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Have you ever visited the site of a forest fire?  If you live in the western United States, your answer is likely yes, as the frequency, size and intensity of forest fires has increased significantly in the last several years.  As the climate continues to shift and the base temperature rises, conditions change.  Beetles that used to die off in colder climates no longer do so and eat their way through the pine forests, turning the mountain sides red and then grey.  I worked at a wilderness camp in the northern Rockies of Colorado in 2003, and the landscape is completely different now as the lodgepole pines meet their demise in the form of a tiny insect.  At camp and in all the other areas where this is happening, other than manually removing the trees [aka not practical for most situations], the only remedy is fire.  But with the increasing popularity of living in the picturesque mountain villages where these beetles now thrive (and feast) in addition to the continually increasing population, fire is not welcome.  Fire is the enemy, and it makes sense, doesn’t it?  If I lived in a mountain town in Colorado, even as I watched my beloved hillsides turn red and then brittle grey, I wouldn’t want them to burn.  I wouldn’t want to have to flee, or watch my neighbors lose their homes.  I would want people to be safe and happy and thriving.  It was sad to watch those trees at camp come down, even though it had to happen.  I wanted things to look how they always had.  After all, I had good memories from that place.  

The catch is that I also want my beloved forest to be happy and thriving.  Skeletal trees left to act as silent sentries don’t conjure up feelings of “thriving” in my mind.  When the trees die, the forest needs transformation.  It needs change.  It needs a blast of energy to invite newness to enter into its realm.  It needs fire.

Phillip Conners writes, “Smokey Bear’s message – that fire was to be stamped out always and everywhere – represents one of the most successful public relations campaigns in American history.”  Threats of fire invoke fear into most humans.  And it makes sense, right?  If there was a fire coming at your village, you’d be scared.  I’d be scared.  I’d want to put the fire out.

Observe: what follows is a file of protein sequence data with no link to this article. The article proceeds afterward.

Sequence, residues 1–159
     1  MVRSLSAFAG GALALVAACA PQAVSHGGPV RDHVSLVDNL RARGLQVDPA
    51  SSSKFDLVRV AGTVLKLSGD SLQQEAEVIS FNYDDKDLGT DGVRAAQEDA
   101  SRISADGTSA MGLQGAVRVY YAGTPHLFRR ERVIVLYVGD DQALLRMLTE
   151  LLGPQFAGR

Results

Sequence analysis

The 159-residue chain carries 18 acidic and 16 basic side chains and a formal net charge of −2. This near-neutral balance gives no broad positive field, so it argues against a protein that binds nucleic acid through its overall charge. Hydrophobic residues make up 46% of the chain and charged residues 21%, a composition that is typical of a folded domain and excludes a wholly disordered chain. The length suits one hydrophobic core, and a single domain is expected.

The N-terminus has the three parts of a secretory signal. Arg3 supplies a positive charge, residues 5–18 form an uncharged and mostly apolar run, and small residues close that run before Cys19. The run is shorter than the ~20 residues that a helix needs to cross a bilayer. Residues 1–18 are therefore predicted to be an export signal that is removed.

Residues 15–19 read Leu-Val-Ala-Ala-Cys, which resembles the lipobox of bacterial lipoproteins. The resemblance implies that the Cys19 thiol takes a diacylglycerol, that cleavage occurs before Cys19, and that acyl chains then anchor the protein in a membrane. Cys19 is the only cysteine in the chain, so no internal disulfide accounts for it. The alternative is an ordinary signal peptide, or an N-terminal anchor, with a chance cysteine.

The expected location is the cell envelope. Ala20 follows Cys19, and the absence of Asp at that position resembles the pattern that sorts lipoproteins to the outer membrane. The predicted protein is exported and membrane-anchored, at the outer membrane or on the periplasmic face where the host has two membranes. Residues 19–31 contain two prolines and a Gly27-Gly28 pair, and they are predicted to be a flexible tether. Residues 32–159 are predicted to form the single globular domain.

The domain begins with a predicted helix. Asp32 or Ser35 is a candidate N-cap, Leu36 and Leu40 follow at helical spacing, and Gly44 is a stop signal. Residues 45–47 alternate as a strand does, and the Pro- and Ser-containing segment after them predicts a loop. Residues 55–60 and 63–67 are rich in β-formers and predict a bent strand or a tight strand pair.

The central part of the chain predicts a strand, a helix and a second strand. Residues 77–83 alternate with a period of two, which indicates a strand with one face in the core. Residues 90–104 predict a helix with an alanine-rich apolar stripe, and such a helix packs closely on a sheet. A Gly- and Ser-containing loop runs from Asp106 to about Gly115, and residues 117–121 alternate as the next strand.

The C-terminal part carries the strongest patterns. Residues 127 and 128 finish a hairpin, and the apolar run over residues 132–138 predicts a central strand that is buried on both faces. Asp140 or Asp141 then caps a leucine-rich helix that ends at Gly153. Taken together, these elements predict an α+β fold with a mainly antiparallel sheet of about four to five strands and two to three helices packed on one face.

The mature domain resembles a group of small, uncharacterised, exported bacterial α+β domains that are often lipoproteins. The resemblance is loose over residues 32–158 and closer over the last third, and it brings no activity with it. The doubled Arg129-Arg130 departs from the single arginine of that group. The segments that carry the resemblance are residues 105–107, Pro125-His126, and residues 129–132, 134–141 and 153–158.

And yet. Conners goes on to describe his work as a fire sentry in the mountains of New Mexico.  He recounts hearing a manager say, “Every fire is a birthday for the next forest.”  And despite the stigma and the fear around fire, he began to “see that a burned forest as a beauty of its own.”

It’s like that in our own lives, too.  Sometimes when we are stuck, in a rut, completely unsure where to move next in life, the only thing that creates the movement we need to thrive again is fire.  When we can embrace the heat, the uncertainty, and the intensity that can come with transition and change, transformation takes place.  We evolve into a new way of being in the world that can only arrive because we allowed something in ourselves to burn up and move out.  When we can let a fire burn up our internal beetles, even though the process can be painful and full of sorrow, we create space in which to shine a light.  We invite an opportunity to explore an area that might have otherwise remained unnoticed.

So there’s a sense of emptiness and mourning that gets left behind after a fire goes through, whether it goes metaphorically through a life or literally through a forest.  But that emptiness allows a new space to be visible.  When something old passes away, it shows us to a gate that leads to a world that lies beyond what we can see clearly at first glance.  Jim Hubbell writes, “Our task is to walk through and discover where the gate leads.”

This issue is more complex than simply accepting that forest fires are a part of life, of course.  There are real threats to human life, livelihood and communities to be dealt with when wildfires blaze their way into the picture.  But perhaps there is something to be learned from the outcome of being forced to deal with the ramifications of natural transformation.

Have you ever visited the site of a forest fire?  Immediately afterward, it’s black and smells of soot and acridity.  It can look pretty bleak for awhile. But as the months roll on, life slowly returns.  And the life there was never totally gone, mind you.  Under the soil, microbes and rhizomes and roots, even while the surface was scorched away, continued to live.  Seeds that need heat to open were granted the gift of life.  After a burn, new trees and plants are offered an opportunity to grow now that the sun can reach the ground.  Eventually there is a tint of green mixed in with the black, and with the help of a little nourishment, the new seedlings begin to make their way to the light.  Wildlife returns and a new forest is born.


Photograph by Ben Christenson (Sun Valley fire)


Heidi Barr

Heidi Barr

Heidi Barr is the author of 12 Tiny Things: Simple Ways to Live a More Intentional Life (due out in January 2021) as well as four other works of non-fiction. A commitment to cultivating ways of being that are life-giving and sustainable for people, communities and the planet provides the foundation for her work. She lives in Minnesota with her family where they tend a large vegetable garden, explore nature and do their best to live simply. Despite working for an app-based tech start up, she plans to put off getting a smartphone as long as possible. Learn more about her work at